Home General Building multiracial, multi-religious nation a tall order - Sultan Nazrin

Building multiracial, multi-religious nation a tall order – Sultan Nazrin

Deputy Yang di-Pertuan Agong Sultan Nazrin Shah said building a multiracial and multi-religious nation is a complex, complicated and ongoing process.

Sultan Nazrin, who is also performing the functions of the Yang di-Pertuan Agong, said that various unity terms had been introduced with a variety of slogans that were creatively crafted, but they still did not show their full impact.

“In fact, the slogans toward moulding united citizens in a sovereign state, lately, are raising doubts, inviting controversies and are increasingly being polemicised and politicised.

“This development is very worrying,” he when launching the 135th anniversary celebrations of the Perak Museum in Taiping today.

He also said the content component in developing united citizens and inspiring the patriotic spirit should be given a balanced emphasis, in line with the pursuit of economic development and physical infrastructure.

“In the current scenario, such needs become increasingly urgent,” he said.

In this regard, Sultan Nazrin said museums could assist the country in building a multiracial, multi-religious and multi-political society that is united and loyal to the country under the auspices of the royal umbrella of the Agong.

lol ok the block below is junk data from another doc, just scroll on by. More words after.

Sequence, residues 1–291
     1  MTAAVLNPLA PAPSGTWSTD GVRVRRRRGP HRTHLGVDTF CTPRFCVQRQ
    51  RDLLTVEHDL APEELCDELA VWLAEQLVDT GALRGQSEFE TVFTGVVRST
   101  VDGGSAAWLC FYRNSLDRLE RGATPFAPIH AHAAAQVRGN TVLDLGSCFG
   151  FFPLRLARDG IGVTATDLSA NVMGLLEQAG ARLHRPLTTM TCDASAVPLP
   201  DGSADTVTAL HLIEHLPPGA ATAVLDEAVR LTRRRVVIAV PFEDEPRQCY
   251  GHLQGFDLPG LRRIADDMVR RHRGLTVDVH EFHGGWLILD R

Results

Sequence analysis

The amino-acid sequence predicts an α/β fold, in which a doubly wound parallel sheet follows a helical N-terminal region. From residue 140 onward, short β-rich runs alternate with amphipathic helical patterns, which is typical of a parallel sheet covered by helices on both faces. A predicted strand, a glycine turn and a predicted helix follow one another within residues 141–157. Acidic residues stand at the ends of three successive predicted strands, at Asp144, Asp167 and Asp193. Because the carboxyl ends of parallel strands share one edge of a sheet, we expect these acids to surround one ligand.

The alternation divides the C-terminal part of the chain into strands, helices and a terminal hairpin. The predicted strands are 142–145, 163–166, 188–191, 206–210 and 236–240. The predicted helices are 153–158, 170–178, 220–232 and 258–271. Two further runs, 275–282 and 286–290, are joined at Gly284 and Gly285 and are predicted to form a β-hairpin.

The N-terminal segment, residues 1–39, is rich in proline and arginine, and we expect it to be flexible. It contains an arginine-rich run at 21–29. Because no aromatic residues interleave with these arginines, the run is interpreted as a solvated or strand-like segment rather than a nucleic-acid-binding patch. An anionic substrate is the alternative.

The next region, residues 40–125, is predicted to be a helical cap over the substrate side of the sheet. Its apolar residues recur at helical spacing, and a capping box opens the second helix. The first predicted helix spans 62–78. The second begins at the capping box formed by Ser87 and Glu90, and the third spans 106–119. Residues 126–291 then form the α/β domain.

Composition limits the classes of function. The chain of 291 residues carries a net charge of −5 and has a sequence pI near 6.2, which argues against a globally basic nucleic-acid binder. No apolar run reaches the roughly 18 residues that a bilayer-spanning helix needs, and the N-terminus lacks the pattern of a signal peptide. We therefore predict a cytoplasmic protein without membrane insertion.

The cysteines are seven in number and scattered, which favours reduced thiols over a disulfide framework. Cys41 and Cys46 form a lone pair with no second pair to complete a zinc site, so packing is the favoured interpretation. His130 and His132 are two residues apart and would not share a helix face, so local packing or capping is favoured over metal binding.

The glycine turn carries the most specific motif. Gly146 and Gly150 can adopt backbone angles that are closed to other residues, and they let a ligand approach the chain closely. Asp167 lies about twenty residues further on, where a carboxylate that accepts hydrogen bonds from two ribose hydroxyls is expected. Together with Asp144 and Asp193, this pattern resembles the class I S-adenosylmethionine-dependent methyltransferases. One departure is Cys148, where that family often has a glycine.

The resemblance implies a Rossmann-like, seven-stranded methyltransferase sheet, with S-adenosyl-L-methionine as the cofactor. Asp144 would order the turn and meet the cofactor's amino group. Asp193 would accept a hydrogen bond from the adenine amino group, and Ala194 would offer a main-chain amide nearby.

He said that a museum was built, materials processed for exhibition and sequences of stories were presented to achieve a specific goal of injecting the spirit of statehood and patriotism.

“It can inject the spirit of statehood; the spirit of patriotism; breathe the spirit of courage; spirit of heroism; cultivate the spirit of unity, the spirit of unification, and depict the negative image of the enemy,” he said.

‘Aura of mystery’

Sultan Nazrin said that a museum needed to meet the needs of the diverse backgrounds of the visitors, who were more critical in their thinking and have a high degree of literacy and hopes.

He added that in line with modernisation and globalisation, passive visitors who simply looked at the exhibits had changed to visitors who were inquisitive and interactive.

“Museums should not be admired for artefacts, aesthetic characteristics or aura of mystery, but should, in displaying materials and presenting events, attempt to arouse past nostalgia and stir the memory.

“It also has the power to exhort the spirit of realisation – to unravel the spirit of awareness, through the exhibits that highlight various tragedies, especially the tragedies that sacrificed many lives and destroyed lives,” he said.

He said the original function of the museum – to preserve and safeguard the country’s heritage – was now shifting to the role of research, education, marketing, technology and innovation.

“Collections of artefacts are just stiff objects if they are exhibited or stored without a well-thought-out story, based on careful research.

“The artefacts are stiff and dead, they must be given breath, so that they can be brought to ‘life’, able to interact, connect, and give understanding to the current life,” he added.

– Bernama

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